The mesh was generated with `gmsh`

. Running

` ./transient.exe sam `

with the code at https://github.com/smsolivier/FEM will produce the data for the above video. The visualization was done with LLNL’s Visit.

## Stokes Flow

P2P1 triangles were used to discretize the Stokes Equations.

### Lid Driven Cavity

The velocity magnitude and vectors for the Lid Driven Cavity problem. The top wall has a fixed velocity of 1 and the sides and bottom have no slip boundary conditions.

### Flow Over a Cylinder

The velocity magnitude, vectors, and streamlines for Stokes Flow across a cylinder.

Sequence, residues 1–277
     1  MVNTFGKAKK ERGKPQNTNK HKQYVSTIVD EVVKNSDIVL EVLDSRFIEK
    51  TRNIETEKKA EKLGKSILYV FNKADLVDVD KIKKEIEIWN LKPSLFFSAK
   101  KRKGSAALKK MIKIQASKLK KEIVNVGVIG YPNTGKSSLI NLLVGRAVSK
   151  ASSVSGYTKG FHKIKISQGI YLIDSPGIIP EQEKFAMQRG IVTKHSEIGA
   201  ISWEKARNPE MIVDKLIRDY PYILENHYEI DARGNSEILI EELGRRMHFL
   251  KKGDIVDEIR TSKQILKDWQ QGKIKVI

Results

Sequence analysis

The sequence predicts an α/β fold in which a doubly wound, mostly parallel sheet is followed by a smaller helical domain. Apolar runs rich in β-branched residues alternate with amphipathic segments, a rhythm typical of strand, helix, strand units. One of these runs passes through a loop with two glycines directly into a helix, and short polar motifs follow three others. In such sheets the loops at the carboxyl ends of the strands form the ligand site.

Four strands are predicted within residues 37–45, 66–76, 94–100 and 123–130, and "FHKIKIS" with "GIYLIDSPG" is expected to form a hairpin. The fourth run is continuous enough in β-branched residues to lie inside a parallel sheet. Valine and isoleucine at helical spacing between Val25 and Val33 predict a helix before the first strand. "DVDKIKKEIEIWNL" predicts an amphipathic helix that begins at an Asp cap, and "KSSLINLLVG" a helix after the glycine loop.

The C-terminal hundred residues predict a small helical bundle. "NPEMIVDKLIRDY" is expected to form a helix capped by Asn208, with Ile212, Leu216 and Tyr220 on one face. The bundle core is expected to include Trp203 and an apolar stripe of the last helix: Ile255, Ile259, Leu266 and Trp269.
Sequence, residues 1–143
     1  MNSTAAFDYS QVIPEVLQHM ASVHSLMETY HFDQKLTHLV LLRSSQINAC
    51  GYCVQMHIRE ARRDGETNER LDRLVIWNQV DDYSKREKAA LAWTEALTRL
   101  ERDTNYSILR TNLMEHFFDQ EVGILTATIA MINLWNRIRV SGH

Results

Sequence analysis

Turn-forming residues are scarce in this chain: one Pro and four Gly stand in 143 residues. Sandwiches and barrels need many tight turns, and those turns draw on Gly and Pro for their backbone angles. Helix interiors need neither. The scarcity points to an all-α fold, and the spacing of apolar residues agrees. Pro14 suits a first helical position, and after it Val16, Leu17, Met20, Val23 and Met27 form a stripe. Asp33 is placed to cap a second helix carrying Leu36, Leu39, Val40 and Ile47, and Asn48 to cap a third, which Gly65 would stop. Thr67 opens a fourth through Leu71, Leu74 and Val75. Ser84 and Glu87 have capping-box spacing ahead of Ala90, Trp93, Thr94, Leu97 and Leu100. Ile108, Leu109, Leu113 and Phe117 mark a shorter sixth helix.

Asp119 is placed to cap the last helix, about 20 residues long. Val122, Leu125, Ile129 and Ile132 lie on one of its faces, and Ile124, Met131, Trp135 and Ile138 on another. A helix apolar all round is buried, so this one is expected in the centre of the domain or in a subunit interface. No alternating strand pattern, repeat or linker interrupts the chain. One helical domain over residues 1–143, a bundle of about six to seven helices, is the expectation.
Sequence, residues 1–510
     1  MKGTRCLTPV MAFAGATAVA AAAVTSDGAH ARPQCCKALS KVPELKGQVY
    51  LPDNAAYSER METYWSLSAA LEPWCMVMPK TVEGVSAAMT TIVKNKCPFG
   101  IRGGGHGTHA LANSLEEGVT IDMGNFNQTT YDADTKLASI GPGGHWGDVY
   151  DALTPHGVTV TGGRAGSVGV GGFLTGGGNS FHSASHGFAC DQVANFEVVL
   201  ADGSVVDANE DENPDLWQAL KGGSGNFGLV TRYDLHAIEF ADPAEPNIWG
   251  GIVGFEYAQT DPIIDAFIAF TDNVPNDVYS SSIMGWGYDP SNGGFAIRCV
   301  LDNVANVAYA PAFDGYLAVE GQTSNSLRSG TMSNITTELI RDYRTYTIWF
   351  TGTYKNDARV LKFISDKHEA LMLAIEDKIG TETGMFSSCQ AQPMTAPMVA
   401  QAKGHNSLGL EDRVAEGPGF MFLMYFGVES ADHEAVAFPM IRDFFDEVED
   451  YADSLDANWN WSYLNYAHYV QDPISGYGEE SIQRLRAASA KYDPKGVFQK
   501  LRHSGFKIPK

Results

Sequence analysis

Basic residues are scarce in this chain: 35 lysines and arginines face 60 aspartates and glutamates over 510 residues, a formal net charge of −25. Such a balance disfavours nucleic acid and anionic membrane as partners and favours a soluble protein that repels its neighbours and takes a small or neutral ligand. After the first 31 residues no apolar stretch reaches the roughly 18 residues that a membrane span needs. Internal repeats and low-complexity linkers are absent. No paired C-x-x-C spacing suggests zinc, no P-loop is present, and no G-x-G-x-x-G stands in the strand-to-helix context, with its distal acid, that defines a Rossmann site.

The code can be found here. Building the `stokes.cpp`

executable and running:

` ./stokes.exe cavity `

and

` ./stokes.exe flow `

will generate the data for the plots shown above.

## Wave Equation

My arbitrary order FEM code (found here) was used to solve the Wave Equation with dissipation:

$$ \frac{\partial^2 u}{\partial t^2} + a \frac{\partial u}{\partial t} = c \nabla^2 u \,, $$

where is the displacement of the wave. controls the dissipation of the wave over time and controls the wave propogation speed. The second derivative in time was handled with a finite difference scheme:

$$ \frac{\partial^2 u}{\partial t^2} \approx \frac{u_{i+1} – 2u_i + u_{i-1}}{\Delta t^2} \,. $$

Standard time integration procedures can now be applied.

In the video below, the second order Crank-Nicholson method and a fourth order FEM discretizations were used for space and time, respectively. The video shows the relaxation of the initial sinusoidal perturbation over time in an L shaped domain.